Apache Camel is the industry standard for reducing boilerplate code for complex integrations, all while maintaining features like automatic error handling, redelivery policies, and the ability to handle complex aggregations. Apache Camel is a domain-specific language that’s an implementation of the Enterprise Integration Patterns and helps organizations solve some very specific problems.
One of the benefits of open source software and utilizing a framework to write an application is that the testing of that framework is outsourced to the community. For example, if you’re utilizing Spring Data to consume data from a Postgres database, the only business logic your team is responsible for writing a test harness for is in your implementation of the Spring framework. Your development team isn’t writing unit tests to validate that Spring Data returns rows and columns as it should from the JDBC datasource, or any of the underlying technology that that framework is built off of. JNDI, the JVM, the Linux Kernel.
There’s a lot that goes into a stack, and one more piece of boilerplate that never needs to be written ever again is the code for handling the routing, transformation, scheduling, error handing, redelivery, and aggregation of batches and streams of messages. This is why Apache Camel is the best resource to handle these complexities.
There’s a little exercise I like to do when introducing Apache Camel to new developers and development managers. I ask about a complex integration problem that the enterprise is currently facing or has written a solution around in the past. A classic one that I’ve heard a few times is the output of a timekeeping system disconnected from an API in a remote site like a factory that needs to be consumed to run payroll. I hear about shell scripts that automate the movement of this file via FTP, and how certain columns need to be dropped for privacy, maybe because of GDPR or State of California privacy requirements regarding PII.
I hear about sed, awk, and complicated, hard-to-test, easy-to-fail transformations that eventually connect to another integration, maybe with curl against a real API into the main Netsuite system for payroll. After the problem is described, I ask about how many total lines of code are used to create the solution (usually hundreds, or thousands if there’s error handling, complex transformations, routing, and aggregation). I then tell the development team that Apache Camel can handle even the most complex of scenarios in 10, maybe 20 lines of code.
Apache Camel can do this because it is an amazing component-driven, message-oriented routing, and normalization framework. It’s based on Spring, which means you can program Camel “routes” as XML, Scala, and my favorite, fluent-style Java code.
Camel provides an Inversion of Control (IoC) approach to data routing that allows for a seamless transition of messaging data between a wide variety of integration components. When we say a wide variety here, we mean hundreds of well-tested components. Consuming from OracleMQ, stripping a sensitive field like SSN from the JSON, and placing those messages onto a Kafka queue? Three lines of code. Check it out below:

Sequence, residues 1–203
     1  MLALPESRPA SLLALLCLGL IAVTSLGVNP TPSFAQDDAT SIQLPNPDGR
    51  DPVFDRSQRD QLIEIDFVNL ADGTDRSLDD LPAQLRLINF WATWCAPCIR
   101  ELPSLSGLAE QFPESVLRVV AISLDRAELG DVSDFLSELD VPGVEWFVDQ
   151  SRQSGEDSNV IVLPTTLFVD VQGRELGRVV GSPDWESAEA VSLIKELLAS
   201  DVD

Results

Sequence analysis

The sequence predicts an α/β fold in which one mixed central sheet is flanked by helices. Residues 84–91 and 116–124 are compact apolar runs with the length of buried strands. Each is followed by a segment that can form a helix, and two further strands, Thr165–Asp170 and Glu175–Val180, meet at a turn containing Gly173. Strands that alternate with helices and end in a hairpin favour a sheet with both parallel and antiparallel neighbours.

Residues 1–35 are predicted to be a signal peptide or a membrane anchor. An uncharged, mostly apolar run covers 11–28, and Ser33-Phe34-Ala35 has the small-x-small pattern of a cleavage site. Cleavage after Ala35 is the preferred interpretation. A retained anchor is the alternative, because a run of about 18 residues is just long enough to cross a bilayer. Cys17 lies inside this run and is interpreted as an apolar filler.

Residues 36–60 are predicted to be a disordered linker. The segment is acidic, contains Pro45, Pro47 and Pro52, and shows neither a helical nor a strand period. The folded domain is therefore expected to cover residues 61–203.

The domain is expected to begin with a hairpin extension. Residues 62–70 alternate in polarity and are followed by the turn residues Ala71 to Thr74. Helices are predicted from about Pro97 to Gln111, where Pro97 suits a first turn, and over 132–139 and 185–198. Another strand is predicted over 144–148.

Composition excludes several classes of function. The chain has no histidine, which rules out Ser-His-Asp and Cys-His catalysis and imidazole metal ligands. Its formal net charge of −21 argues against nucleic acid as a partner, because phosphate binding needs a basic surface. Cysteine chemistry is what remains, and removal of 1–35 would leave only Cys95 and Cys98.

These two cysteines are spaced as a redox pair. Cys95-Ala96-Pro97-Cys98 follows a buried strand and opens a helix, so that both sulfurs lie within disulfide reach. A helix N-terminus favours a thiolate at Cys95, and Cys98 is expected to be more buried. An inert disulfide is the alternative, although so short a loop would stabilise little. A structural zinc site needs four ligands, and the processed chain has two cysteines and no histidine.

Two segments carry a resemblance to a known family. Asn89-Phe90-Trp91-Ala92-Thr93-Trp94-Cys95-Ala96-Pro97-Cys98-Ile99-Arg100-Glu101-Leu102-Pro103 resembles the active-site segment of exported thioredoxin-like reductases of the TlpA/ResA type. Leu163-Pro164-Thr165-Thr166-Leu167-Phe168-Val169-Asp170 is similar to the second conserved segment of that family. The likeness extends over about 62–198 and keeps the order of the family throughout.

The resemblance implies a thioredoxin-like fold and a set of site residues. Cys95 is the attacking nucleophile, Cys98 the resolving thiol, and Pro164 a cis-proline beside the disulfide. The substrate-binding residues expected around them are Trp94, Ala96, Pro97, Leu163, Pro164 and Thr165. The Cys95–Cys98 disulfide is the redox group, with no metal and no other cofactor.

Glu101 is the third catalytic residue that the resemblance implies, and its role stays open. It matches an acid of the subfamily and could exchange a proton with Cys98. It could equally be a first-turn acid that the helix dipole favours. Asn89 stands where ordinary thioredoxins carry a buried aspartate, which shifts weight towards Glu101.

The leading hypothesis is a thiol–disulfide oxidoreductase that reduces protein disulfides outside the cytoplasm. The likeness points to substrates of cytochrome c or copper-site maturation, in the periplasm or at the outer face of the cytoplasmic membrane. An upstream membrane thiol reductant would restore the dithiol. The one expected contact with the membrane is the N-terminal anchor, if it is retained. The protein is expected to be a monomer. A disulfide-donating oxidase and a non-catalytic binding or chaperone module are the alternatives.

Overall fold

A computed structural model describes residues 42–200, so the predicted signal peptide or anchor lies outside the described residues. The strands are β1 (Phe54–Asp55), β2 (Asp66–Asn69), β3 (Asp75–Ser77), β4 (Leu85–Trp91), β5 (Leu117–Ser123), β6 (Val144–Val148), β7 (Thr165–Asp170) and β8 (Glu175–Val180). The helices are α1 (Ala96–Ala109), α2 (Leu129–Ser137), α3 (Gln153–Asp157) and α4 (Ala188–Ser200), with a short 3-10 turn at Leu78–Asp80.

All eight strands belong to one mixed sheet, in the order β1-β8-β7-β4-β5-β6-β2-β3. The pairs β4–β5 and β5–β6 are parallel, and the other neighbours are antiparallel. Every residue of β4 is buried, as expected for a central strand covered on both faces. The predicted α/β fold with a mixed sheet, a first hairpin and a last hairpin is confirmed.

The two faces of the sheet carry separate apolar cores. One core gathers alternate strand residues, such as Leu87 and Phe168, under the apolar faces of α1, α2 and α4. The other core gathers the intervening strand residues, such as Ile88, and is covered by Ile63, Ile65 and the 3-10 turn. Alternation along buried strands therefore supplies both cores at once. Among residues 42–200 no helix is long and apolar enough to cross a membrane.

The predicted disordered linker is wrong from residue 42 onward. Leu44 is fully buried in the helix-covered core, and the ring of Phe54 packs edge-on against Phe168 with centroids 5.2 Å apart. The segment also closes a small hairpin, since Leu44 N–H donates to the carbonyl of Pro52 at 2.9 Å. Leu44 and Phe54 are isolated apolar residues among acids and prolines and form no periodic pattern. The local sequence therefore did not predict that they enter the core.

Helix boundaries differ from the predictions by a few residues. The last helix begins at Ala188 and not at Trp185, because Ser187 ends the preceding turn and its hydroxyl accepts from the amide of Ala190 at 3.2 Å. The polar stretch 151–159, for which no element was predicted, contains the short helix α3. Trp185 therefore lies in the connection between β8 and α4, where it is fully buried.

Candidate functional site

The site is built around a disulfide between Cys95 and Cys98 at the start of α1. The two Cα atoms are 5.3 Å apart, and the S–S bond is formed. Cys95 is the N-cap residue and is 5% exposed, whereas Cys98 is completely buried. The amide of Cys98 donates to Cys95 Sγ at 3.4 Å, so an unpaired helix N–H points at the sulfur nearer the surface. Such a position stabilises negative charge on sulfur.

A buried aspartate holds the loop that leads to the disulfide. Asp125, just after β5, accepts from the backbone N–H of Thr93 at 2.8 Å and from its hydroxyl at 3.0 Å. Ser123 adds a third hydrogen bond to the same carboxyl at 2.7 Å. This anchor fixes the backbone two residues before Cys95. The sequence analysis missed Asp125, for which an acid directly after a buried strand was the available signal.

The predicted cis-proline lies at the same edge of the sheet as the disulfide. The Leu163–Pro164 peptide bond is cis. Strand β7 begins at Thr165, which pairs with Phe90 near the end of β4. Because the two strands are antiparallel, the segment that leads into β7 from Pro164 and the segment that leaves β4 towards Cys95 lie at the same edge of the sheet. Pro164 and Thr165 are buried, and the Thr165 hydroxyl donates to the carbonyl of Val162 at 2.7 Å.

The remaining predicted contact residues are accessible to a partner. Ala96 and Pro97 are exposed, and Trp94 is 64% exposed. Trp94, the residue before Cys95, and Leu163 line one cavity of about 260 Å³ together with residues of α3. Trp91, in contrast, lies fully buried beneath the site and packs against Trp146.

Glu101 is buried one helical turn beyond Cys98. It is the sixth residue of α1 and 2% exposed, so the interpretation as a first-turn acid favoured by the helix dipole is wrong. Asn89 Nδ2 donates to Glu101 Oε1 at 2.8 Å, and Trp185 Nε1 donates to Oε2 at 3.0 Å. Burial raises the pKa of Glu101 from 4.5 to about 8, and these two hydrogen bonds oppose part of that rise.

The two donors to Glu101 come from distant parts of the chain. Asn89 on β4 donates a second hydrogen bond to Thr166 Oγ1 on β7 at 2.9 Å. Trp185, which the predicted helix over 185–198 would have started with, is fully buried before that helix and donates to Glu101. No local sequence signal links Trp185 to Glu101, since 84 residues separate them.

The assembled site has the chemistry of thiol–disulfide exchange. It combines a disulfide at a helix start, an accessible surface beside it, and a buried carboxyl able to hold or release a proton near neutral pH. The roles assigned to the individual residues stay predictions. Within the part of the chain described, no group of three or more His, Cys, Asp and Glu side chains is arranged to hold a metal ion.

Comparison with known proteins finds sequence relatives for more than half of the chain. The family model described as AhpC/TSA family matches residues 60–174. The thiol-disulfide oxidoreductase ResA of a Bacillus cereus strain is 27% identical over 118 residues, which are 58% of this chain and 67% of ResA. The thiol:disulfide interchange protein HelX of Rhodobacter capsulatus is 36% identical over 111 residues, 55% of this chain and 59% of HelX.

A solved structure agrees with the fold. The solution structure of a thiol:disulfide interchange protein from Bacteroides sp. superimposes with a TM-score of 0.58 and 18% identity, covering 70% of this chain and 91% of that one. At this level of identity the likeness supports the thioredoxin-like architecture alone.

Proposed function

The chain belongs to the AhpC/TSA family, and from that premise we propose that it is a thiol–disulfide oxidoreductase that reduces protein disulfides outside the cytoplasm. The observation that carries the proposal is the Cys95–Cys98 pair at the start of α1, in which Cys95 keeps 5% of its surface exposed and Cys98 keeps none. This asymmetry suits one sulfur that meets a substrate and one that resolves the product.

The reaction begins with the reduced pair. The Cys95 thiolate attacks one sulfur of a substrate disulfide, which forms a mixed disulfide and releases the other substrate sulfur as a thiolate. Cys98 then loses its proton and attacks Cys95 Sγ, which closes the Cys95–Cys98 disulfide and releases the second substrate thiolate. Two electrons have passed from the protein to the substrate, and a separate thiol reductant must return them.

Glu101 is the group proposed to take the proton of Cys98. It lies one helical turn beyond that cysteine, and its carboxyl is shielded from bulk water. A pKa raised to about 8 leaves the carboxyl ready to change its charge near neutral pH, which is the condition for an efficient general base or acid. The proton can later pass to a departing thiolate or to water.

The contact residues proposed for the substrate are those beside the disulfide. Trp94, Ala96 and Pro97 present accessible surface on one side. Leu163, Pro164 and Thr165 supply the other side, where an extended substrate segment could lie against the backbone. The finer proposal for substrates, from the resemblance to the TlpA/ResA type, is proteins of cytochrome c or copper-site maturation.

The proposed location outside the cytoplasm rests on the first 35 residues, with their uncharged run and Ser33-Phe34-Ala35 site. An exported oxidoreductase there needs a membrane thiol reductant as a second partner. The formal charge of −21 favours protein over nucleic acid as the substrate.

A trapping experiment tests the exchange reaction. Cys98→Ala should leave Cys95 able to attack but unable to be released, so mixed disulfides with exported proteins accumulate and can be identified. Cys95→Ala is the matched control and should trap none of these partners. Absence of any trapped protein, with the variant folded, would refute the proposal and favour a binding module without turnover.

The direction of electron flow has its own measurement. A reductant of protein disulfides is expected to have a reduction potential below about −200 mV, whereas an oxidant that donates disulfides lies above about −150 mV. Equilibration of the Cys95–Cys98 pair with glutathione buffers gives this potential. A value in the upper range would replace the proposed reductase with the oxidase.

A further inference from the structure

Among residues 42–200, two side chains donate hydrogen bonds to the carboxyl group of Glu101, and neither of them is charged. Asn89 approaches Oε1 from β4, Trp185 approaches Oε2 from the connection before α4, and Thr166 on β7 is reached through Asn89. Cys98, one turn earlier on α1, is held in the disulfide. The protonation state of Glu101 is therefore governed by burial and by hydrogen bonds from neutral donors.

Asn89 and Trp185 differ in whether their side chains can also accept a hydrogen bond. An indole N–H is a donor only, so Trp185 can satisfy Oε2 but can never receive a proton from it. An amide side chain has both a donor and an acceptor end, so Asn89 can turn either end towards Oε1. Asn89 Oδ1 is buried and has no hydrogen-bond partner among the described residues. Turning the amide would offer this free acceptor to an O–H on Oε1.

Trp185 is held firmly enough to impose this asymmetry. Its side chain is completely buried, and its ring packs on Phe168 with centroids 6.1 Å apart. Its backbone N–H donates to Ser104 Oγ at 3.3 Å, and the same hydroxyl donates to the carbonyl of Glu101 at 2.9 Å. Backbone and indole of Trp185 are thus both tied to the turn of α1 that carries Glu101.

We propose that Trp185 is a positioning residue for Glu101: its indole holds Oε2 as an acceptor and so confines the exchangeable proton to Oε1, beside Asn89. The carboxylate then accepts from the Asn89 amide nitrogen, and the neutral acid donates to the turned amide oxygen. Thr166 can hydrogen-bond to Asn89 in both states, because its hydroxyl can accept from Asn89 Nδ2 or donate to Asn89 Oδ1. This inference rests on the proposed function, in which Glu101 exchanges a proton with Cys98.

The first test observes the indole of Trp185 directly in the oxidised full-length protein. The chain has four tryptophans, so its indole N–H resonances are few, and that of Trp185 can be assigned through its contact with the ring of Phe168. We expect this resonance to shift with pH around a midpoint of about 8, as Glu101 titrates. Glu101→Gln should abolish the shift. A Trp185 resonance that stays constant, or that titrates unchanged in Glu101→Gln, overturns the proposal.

The first line consumes messages from JMS, the second uses JsonPath to pull the SSN from the record and replaces all SSN patterns with XXX-XXX-1234, and the third line places the transformed message onto a Kafka topic.
Camels’ URI-based routing methodology allows for the composition of message consumers and producers at runtime based on config flags and environment variables. Meaning that a Docker container can be written to dynamically route messages to and from locations based on operator need.
I recently worked an architecture out with a financial institution where we would utilize Camel as a cron runner, with a definitive “finished” state, and allow Kubernetes to schedule it. Truly, a way to reduce boilerplate for integrations. Their use-case was log shipping from a black box system to ElasticSearch and Kibana for reporting. But there are a ton of integrations, 333 stable ones at the time of writing! Just look at them all here.
Camel works great in modern DevOps environments that rely on containers, and Kubernetes. Compatible with the GraalVM and Quarkus, Camel can create native images that utilize 10% of the same memory of a traditional cloud stack. This is game-changing for distributed cloud applications. See below:
To be sure, though, Camel makes it simple and scalable to attach hundreds of different heterogeneous service endpoints in an efficient way. It’s component-driven approach focuses on the reduction of boilerplate code while writing integration logic.
When you combine this approach of reducing boilerplate and focus on writing unit and integration tests for your specific needs, you spend more time writing code that matters to the enterprise.
Introducing any new open source software framework introduces questions around supporting a framework for larger organizations. If your team doesn’t already have a relationship with an open source support vendor, OpenLogic by Perforce is working with large organizations around the world to support Apache Camel developers, in training, consulting, and everyday support.
If you’re interested in learning more about how we can help your team evaluate Apache Camel, or even support an existing project, connect with an Enterprise Architect from OpenLogic.
CONNECT WITH APACHE CAMEL EXPERT
Enterprise Architect, OpenLogic by Perforce
With over a decade of experience in enterprise software architecture, engineering, and operations for the Fortune 500, Connor is working to build and support cloud native solutions for OpenLogic customers around the world.